Do Not Forget These 3 Key Fundamentals When Sourcing PPE

by | Apr 9, 2020 | Sourcing

With the global pandemic raging, countries in Europe and the Americas are fighting to get every last piece of personal protective equipment (PPE) they can.

Tensions are high and the U.S. has reportedly been “paying far above the market price for medical-grade masks,” and employing “Wild West” tactics to acquire them, sparking outrage among allies, according to Reuters.

Raw materials, like melt-blown fabric – which makes up the masks’ inner filtration layer – are in short supply.

This is slowing production down and driving costs way up. Many people are trying to acquire the same goods at the same time and some unscrupulous brokers and middlemen are taking advantage of the situation.

If you are sourcing masks and respirators, you may be in a frenzy trying to get the masks you need, and this can be stressful.

Despite all this, it is important to take the time needed to make good decisions and approach every PPE deal cautiously. You need to focus on the fundamentals of sourcing so that you can get the PPE that meets your requirements without getting taken advantage of.

Let’s talk about three fundamentals you should keep in mind.

Fundamental #1: Do Your Due Diligence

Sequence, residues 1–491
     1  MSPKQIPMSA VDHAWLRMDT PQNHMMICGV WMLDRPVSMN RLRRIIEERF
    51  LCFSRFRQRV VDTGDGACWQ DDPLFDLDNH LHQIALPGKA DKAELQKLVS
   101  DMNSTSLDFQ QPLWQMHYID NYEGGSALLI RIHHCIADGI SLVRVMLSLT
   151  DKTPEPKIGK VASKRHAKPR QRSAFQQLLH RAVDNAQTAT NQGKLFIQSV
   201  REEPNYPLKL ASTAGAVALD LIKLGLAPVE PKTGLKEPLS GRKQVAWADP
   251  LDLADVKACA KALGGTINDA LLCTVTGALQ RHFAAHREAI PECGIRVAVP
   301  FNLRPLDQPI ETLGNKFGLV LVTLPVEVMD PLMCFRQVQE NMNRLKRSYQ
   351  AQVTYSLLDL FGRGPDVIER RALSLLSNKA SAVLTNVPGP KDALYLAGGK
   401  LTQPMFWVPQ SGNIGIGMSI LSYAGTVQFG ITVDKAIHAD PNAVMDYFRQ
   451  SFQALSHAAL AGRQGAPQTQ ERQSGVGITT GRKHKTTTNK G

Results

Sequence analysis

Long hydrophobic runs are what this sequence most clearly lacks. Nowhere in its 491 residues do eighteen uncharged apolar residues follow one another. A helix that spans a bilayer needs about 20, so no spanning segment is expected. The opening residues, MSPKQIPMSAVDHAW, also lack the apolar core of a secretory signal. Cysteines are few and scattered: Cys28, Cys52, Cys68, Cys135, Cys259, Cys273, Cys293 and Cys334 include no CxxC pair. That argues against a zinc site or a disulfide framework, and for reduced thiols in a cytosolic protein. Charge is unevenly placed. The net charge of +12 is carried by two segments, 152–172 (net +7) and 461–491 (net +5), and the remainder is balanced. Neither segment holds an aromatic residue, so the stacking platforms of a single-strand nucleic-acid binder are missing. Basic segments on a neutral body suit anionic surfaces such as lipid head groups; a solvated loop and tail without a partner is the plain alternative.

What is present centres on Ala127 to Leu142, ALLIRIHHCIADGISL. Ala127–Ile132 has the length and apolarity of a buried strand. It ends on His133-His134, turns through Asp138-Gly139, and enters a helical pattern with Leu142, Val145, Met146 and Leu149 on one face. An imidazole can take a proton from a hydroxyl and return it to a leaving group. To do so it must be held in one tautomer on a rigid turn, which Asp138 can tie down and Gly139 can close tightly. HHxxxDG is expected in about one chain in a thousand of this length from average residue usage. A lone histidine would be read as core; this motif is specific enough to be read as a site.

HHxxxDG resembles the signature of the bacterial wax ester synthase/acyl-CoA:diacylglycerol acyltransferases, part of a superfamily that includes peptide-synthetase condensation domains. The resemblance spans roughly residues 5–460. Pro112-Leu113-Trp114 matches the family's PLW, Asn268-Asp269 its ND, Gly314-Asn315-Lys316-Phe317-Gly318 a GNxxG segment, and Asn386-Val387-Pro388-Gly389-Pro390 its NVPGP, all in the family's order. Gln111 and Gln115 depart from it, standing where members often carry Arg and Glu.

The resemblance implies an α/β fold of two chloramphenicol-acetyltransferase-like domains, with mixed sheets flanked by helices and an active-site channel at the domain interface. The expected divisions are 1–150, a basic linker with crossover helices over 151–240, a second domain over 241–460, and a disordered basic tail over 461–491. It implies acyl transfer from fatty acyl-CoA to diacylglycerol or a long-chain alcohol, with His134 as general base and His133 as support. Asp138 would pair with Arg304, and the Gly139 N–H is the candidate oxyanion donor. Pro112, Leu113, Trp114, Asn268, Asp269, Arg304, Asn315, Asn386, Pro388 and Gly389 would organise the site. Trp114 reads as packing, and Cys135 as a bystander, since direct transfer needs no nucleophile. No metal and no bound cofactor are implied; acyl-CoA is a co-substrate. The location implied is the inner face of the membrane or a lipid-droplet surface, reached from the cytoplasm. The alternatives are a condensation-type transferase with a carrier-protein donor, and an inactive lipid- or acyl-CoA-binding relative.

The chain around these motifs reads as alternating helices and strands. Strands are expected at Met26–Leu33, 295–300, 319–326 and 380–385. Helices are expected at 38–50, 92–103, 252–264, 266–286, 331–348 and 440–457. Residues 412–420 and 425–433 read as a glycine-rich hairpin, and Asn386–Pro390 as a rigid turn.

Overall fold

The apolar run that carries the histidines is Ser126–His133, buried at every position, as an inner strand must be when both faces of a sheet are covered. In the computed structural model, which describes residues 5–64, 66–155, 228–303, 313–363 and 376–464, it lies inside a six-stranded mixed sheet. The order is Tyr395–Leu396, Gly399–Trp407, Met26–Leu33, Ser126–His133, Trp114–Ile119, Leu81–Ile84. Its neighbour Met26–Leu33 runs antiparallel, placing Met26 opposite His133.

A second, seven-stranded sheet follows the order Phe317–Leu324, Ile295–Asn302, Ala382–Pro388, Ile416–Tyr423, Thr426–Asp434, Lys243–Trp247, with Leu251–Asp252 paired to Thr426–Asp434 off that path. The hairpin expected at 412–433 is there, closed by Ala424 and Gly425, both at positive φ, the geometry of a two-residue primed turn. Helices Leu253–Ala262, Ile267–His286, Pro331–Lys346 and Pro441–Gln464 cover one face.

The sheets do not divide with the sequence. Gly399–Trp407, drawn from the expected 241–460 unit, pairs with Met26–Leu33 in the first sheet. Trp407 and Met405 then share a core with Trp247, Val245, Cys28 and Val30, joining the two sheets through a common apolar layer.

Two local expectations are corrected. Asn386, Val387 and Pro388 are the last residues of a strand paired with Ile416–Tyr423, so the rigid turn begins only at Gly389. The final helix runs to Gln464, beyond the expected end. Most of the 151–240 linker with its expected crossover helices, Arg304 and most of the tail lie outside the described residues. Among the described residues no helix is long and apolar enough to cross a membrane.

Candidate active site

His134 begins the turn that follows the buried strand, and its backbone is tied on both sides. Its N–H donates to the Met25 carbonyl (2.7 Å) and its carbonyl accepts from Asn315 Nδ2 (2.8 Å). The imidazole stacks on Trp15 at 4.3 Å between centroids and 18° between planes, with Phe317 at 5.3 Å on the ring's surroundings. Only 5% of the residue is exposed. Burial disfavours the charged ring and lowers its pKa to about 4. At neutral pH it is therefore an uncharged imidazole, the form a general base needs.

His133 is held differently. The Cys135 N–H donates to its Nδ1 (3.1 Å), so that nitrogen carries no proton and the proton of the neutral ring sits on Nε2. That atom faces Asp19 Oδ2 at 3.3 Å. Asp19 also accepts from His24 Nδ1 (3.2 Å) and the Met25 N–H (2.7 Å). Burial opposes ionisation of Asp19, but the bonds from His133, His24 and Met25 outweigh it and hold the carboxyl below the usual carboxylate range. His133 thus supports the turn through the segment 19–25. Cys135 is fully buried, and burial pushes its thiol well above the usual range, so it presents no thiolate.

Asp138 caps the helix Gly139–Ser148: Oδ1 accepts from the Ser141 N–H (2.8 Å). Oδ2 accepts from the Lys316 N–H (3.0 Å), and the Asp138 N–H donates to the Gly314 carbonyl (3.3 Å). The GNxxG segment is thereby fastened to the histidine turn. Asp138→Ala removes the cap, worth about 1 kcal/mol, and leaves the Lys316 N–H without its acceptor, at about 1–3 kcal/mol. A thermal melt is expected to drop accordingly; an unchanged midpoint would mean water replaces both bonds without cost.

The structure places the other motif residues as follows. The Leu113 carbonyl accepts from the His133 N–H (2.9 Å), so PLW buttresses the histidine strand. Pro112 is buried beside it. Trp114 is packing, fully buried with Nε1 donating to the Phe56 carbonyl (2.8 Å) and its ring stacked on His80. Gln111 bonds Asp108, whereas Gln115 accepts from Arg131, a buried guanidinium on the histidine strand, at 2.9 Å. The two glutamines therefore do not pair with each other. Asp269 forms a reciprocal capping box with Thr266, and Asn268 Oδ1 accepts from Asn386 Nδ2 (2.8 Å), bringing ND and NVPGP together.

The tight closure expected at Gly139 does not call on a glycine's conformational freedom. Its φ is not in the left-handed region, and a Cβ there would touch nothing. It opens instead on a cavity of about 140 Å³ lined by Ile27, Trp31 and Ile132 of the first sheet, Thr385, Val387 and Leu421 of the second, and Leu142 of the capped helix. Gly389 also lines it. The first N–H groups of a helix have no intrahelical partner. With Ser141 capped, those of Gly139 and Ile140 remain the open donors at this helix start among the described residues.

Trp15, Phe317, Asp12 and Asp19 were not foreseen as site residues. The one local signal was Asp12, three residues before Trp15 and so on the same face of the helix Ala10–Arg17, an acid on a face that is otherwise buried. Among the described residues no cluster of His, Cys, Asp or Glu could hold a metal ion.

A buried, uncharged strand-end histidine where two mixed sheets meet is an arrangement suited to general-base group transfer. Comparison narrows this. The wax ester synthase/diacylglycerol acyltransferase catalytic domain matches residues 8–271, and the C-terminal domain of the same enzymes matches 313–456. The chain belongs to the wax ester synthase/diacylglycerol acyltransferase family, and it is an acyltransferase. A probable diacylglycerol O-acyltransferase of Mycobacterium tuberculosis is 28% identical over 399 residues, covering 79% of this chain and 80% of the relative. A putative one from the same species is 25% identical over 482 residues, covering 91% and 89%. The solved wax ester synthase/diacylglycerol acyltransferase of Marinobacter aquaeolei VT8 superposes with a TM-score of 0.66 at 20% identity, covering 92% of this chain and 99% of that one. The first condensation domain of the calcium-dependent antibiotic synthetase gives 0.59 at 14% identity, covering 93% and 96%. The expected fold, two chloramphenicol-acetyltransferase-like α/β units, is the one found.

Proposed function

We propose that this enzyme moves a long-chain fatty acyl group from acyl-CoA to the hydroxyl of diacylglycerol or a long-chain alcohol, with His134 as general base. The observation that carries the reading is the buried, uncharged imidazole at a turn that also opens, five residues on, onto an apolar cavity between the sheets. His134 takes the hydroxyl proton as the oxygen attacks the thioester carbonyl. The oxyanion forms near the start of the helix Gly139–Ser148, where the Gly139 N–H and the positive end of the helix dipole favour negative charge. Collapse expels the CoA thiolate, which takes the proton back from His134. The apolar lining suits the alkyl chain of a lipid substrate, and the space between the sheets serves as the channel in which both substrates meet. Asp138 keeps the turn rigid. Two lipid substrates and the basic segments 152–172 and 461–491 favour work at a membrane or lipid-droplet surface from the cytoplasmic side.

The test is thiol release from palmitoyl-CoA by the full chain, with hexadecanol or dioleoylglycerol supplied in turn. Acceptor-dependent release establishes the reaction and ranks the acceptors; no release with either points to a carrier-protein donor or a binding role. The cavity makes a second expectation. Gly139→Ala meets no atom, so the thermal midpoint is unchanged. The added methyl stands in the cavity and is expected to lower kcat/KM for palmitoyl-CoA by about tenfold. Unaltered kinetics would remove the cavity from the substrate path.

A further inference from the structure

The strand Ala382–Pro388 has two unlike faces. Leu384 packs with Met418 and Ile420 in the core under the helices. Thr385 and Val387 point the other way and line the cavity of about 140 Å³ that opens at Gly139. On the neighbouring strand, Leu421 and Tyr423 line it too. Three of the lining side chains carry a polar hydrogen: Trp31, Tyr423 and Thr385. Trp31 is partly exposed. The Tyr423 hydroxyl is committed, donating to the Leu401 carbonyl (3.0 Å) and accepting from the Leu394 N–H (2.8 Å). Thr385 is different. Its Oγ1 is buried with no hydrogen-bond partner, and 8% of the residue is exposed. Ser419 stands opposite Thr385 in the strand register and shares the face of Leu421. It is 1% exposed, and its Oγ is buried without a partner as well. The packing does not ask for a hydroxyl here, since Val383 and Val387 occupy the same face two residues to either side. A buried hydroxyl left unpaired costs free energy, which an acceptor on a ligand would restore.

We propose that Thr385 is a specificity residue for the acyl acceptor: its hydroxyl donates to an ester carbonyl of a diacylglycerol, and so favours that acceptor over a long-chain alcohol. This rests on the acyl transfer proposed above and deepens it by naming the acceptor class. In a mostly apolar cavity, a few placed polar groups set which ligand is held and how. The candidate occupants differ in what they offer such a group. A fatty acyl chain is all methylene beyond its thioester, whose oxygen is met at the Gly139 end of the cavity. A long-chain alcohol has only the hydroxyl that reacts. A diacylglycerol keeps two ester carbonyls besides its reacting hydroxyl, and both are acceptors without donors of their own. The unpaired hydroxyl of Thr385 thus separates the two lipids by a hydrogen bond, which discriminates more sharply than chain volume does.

The first thing you need to do is to properly qualify any supplier you are thinking about working with.

Medical worker wearing goggles and a surgical mask

Make sure that the PPE supplier has all necessary licenses

At a bare minimum, you need to be sure the factory has all the necessary licenses in the country of manufacture. They may have temporary emergency licenses from the government, and this can be ok, as long as they are legitimate.

Ask them to provide copies of their business license which, in China, includes information about their scope of business.

Consider that if they are a small electronics factory and they just started producing masks in February, this new product is not very closely related to their previous ones. How realistic is it that they would be able to make these new products well?

Do they really have the necessary approval? Maybe.

For an apparel factory, on the other hand, it is not as big of a leap to make.

Ask them to provide all licenses, as well as export and manufacturing permits, and verify them through the official online portals in the country.

Also, keep in mind that import restrictions and relaxations are constantly evolving right now. You should keep an eye on them. For example, in the U.S. you can follow the FDA’s Emergency Use Authorization (EUA) information.

Fundamental #2: Set the Right Terms

Unfortunately, some importers have recently been taken advantage of by fast-talking middlemen.

PPE like gowns, gloves, and masks are in huge demand and, since there are not enough raw materials to make all of them, prices have gone way up. Importers are stressed and have become more susceptible to sneaky tactics.

There have been cases where suppliers asked for 100% down, the buyer accepted, and then nothing was ever delivered.

You should never pay 100% up front.

Woman on laptop and phone

Slow down and negotiate appropriate terms for your PPE deal

The situation may be urgent, but you should still be able to get terms where a down payment is made (i.e. 50% down with purchase order and 50% upon shipment).